Interesting Things... [ISSUE 46]

@GSElevator – #1: Most people are extras in the movie of life. Why would I watch their Facebook Year in Review?

1. Quote Of The Week / 2. The Outperformance Of Low EV Stocks / 3. Becoming A Billionaire Is Hard But Staying One Is Harder / 4. Interesting Links / 5. Joke Of The Week


On CNBC, just an hour before the Fed made the announcement, Doubleline’s Jeffrey Gundlach went over data points that indicate the economy is now weaker than it was the last time the Fed met — and decided not to raise interest rates. Those include low commodity prices, weak nominal gross domestic product growth and junk bond prices at multi-year lows.

“They are raising rates because they promised they would in 2015 and they want to maintain credibility.”

Gundlach’s advice for investors now is to buy closed-end bond funds and real estate investment trusts, many of which are trading at historically low discounts to net asset value.

“Buying a fund or REIT trading for at an 15-20% discount to NAV is sort of a no-brainer.”


For the first time ever in retail’s biggest weekend, more people shopped online in the U.S. than went to brick-and-mortar stores. The keystone for brick-and-mortar stores has long been instant in-store availability of products for immediate use. But online retailers are partnering with an ever expanding array of options for rapid delivery. Retailers that fail to embrace online and mobile shopping will fail to survive.

A new paper from Christian Walkshäusl and Sebastian Lobe* called The Enterprise Multiple Investment Strategy: International Evidence examines the performance of the enterprise multiple (EV/EBITDA) in international markets, including Australia, Canada, France, Germany, Hong Kong, Japan, Singapore, Sweden, Switzerland and the UK.

The paper, published in the Journal of Financial and Quantitative Analysis, confirms the U.S. evidence that cheap enterprise multiple stock outperform expensive enterprise multiple stocks by about 1 percent per month and it works just as well in emerging markets and small-caps.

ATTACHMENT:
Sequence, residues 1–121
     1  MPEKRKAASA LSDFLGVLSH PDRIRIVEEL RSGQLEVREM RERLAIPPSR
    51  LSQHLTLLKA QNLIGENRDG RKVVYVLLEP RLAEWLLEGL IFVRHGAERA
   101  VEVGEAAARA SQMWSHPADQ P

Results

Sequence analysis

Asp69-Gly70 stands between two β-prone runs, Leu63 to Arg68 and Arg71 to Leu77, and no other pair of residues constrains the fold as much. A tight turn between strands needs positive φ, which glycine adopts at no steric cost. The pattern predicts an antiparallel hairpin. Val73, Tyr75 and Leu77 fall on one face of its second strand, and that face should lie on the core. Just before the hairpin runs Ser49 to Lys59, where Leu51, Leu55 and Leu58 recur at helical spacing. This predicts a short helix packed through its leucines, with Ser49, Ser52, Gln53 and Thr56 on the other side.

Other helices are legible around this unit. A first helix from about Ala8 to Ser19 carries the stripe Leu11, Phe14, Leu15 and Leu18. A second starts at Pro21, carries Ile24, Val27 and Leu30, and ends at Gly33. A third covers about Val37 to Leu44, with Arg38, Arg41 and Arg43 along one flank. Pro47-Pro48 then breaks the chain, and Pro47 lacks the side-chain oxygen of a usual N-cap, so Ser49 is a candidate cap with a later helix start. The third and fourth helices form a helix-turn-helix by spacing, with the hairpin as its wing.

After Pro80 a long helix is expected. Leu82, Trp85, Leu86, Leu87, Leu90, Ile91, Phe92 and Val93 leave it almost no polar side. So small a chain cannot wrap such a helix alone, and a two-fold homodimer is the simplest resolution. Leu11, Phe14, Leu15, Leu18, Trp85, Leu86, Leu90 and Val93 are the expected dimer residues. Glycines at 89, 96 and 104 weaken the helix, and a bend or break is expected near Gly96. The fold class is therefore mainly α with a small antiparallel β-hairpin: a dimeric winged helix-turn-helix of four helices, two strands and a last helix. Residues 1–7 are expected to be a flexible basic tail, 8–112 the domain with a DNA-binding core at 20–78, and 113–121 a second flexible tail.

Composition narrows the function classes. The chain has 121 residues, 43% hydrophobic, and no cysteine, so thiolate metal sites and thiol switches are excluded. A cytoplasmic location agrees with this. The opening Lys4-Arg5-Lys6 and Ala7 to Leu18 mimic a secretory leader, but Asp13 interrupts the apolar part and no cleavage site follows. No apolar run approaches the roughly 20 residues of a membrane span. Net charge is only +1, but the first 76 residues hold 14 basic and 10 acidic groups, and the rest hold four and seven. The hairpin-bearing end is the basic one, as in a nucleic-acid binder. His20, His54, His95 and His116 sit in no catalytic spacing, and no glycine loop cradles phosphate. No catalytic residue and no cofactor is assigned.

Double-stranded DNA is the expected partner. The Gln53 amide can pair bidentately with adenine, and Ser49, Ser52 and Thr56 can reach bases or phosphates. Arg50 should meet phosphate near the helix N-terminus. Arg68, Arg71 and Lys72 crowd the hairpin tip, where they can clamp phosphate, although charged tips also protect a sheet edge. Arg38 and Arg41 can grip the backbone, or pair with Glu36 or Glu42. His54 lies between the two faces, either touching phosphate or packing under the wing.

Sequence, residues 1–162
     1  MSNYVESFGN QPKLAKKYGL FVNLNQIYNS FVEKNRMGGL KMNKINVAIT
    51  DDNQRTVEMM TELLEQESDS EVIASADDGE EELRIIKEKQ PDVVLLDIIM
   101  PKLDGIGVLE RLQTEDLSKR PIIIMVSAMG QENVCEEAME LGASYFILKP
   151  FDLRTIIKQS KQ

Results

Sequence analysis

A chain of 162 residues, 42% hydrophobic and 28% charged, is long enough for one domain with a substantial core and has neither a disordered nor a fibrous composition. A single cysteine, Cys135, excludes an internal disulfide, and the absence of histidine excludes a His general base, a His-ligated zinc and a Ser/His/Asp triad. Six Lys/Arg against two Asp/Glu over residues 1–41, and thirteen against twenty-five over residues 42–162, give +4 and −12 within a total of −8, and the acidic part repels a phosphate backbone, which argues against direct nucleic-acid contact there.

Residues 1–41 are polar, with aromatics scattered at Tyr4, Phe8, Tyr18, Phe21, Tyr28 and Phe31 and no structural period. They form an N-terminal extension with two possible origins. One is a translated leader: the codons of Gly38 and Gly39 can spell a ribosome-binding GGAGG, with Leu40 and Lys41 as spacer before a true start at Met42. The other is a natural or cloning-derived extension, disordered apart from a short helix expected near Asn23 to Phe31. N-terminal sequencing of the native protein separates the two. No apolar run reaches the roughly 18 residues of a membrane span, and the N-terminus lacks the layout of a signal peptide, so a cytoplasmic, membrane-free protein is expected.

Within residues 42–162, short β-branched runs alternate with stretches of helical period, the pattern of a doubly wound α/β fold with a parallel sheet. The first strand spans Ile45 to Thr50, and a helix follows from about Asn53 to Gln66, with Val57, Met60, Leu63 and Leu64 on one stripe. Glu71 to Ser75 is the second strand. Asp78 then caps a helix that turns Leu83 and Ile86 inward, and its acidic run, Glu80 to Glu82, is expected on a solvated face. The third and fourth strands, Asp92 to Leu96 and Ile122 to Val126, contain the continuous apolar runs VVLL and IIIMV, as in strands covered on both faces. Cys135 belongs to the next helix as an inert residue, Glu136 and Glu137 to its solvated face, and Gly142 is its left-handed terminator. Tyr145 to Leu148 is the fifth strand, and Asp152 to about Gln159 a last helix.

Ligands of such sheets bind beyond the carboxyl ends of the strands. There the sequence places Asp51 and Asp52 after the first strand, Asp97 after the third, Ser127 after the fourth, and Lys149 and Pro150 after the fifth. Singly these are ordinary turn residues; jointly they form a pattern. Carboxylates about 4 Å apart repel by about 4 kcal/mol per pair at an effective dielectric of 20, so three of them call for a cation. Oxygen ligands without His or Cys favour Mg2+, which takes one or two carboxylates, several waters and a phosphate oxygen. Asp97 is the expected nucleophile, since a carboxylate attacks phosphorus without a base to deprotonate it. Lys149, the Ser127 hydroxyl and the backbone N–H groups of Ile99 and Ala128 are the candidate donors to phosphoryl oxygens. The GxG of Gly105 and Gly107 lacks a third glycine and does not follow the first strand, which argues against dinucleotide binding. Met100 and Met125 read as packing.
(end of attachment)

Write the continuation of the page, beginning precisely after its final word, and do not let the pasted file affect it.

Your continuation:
The authors conclude that the enterprise value premium - the difference in performance between the cheapest and the most expensive - is significant for the majority of countries, and is highly persistent for up to 5 years after portfolio is formed, demonstrating that its performance in the US is not an outlier - it’s the norm.

Also fascinating is the manifestation of mean reversion in cheap enterprise multiple stocks. The authors document the progression of cheap enterprise multiple stocks from an average enterprise multiple of 3.4x at purchase to 4.3x a year later, 4.5x in the third year, and then slowly but steadily growing to an average enterprise multiple of 5.5x in the fifth year. The expensive stocks follow a similar path in opposite direction, but do so more quickly, falling from 23.3x at purchase to 9.9x in the fifth year. By the sixth year, the authors found that the cheap and expensive stocks had comparable valuations.


A study made by UBS and PricewaterhouseCoopers showed that more than half of the billionaires 20 years ago were no longer billionaires today.

In 1995 there were 289 billionaires but only 126 have remained in that select group. What happened to the 163 that dropped out of the list?

There are now over 1,300 billionaires in the world; this means more than 1,000 were minted in the last 20 years. Most of them gained wealth from finance, technology or consumer/retail industries. Since there is more volatility upstairs, that list could be very different 20 years from now.


Algodoctors are the future [NY Times]; Uruguay now 95% renewables [Quartz]; The Guinness Brewer Who Revolutionized Statistics [Price Economics]; Men are more attracted to non-conformist women [Scientific American]; A/B Testing beyond online [Podcast: Planet Money]; Are EMs a value trap [QMO 3Q Letter]; By 2018, 21% of U.S. households won’t pay for [WSJ]; Asia’s migrant domestic servants [The Economist]; Indonesia bans Uber – what nonsense [Deal Street Asia].


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